Supporting creative work by women
Stet, the new play by Kim Davies at the Abingdon Theatre, is a powerful piece inspired by the Rolling Stone article “A Rape on Campus” and the reporter’s investigation into sexual assault in college. It’s also the first full production of The Muse Project, the brainchild of fierce actress Jocelyn Kuritsky.
What a thought provoking idea–make actresses the center of play development and creation. With The Muse Project, actresses choose what kind of role they want to play, and then a creative team is built around that idea. Sure, this sounds like a wonderful experiment, a different way to workshop new material. It’s also a terrific way forward. Stet is a stirring play with big ideas and sensitive, yet bold performances by Jocelyn, Jack Fellows, Déa Julien, Lexi Lapp and Bruce McKenzie.
Jocelyn spoke to Works by Women about how The Muse Project came together, the nature of truth and her supportive collaborators on this journey.
WORKS BY WOMEN: Tell me about your first impulse to create The Muse Project. And how it has sprung to life.
JOCELYN KURITSKY: I am very inspired by many of my female colleagues, specifically actresses. In many ways, actresses are my most prized network. The female actors I know are really thoughtful, intelligent, multi-talented people. In fact, even now, in the midst of previews for Stet, I find myself getting a lot of feedback and encouragement from other actresses, my cohorts; which is very heartening. And Muse came out of a curiosity to know more about my girlfriends, really. I kept wondering what it would be like to ask the female performers in my life about the characters they wanted to play, who they fantasized about working with, what stories they wanted to tell; and I really wondered about what it would be like to put the impulses and desires of female actors into action.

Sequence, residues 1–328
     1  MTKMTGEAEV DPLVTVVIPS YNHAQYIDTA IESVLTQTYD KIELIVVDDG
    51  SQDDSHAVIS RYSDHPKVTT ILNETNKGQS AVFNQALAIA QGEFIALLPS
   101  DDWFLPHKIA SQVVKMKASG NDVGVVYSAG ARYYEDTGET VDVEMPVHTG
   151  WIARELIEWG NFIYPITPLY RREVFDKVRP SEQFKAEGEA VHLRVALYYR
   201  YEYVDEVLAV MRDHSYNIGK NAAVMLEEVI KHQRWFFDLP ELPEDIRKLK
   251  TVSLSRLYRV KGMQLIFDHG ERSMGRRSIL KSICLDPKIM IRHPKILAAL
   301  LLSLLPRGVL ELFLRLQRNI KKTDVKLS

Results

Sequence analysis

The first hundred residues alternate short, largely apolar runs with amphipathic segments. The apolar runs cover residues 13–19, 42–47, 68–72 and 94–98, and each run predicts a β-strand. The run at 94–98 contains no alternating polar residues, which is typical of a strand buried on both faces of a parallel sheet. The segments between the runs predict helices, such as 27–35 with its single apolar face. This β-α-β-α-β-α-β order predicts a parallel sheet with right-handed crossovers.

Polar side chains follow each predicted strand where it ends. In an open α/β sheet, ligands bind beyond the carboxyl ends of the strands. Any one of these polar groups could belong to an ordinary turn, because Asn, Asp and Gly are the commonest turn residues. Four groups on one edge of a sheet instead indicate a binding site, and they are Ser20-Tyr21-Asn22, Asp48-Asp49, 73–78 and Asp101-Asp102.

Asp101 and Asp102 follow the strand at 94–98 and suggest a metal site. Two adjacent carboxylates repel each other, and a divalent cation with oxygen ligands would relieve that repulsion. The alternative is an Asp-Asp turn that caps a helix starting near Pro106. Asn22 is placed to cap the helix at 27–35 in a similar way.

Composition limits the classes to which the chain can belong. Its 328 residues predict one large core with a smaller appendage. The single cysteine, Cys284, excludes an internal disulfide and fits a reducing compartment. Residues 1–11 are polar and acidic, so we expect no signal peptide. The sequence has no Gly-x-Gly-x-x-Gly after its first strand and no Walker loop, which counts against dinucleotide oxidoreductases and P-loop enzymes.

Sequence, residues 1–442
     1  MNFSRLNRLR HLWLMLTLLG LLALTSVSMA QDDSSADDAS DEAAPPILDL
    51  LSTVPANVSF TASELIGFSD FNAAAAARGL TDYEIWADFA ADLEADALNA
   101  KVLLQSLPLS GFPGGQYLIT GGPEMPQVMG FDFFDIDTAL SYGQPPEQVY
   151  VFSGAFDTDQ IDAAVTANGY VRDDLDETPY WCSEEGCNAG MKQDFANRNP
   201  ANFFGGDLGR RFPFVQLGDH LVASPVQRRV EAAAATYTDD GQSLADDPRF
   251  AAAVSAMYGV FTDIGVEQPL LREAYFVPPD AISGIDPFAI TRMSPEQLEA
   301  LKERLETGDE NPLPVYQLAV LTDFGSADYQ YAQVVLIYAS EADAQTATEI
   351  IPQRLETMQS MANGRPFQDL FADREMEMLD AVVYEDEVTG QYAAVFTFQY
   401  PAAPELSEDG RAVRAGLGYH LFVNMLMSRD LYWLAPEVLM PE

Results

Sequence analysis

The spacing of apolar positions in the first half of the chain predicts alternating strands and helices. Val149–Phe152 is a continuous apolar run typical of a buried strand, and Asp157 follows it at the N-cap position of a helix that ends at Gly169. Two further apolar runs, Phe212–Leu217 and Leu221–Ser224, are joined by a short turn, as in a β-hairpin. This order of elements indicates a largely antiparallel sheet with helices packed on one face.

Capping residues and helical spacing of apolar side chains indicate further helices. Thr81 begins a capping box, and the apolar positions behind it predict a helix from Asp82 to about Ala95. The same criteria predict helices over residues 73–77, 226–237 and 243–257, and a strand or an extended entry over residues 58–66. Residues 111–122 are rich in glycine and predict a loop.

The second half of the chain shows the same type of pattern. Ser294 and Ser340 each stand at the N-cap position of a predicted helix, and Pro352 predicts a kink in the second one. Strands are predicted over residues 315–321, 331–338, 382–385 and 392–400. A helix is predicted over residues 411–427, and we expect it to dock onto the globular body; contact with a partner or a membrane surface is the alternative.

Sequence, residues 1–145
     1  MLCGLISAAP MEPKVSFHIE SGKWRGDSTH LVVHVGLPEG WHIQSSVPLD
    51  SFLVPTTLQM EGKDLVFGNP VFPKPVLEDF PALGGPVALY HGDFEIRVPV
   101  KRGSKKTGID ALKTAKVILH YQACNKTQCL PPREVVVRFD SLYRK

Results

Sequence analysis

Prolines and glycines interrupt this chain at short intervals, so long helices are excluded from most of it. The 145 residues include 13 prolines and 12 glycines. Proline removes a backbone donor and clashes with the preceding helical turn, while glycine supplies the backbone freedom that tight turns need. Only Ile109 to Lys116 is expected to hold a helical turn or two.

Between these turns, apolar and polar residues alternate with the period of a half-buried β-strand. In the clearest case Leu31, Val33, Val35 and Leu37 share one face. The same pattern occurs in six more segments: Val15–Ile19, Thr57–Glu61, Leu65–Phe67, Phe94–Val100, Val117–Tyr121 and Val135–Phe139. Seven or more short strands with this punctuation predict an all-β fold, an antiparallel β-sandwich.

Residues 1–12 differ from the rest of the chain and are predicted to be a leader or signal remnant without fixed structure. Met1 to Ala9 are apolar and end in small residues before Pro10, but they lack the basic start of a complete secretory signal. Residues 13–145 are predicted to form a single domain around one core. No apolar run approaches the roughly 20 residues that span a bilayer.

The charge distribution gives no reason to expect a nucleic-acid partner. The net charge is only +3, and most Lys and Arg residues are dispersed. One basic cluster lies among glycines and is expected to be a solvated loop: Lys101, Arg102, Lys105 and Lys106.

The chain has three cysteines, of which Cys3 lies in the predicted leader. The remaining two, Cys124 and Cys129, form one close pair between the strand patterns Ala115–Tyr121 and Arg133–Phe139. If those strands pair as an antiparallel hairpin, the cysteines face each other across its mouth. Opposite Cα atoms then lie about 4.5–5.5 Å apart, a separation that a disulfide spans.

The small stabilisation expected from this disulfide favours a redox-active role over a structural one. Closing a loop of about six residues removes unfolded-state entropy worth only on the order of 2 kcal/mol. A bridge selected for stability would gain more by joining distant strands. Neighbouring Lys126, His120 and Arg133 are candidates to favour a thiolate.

This idea (The Muse Project) has been in the incubator for a couple years. I kept trying to get grants – but I think it was hard for folks to fully understand what I was trying to do, or to see the value of designing theater pieces around specific female actors and their ideas. All said, Susan Bernfield at New Georges and Ian Morgan at The New Group were continually supportive. Ian kept encouraging me to try it out in workshop formats (which I now term “mini Muses”) and both Susan and Ian pushed me to pursue my own Muse Project. Once I started looking into my own piece, other collaborators rose to meet me; and before I knew it, I had a production.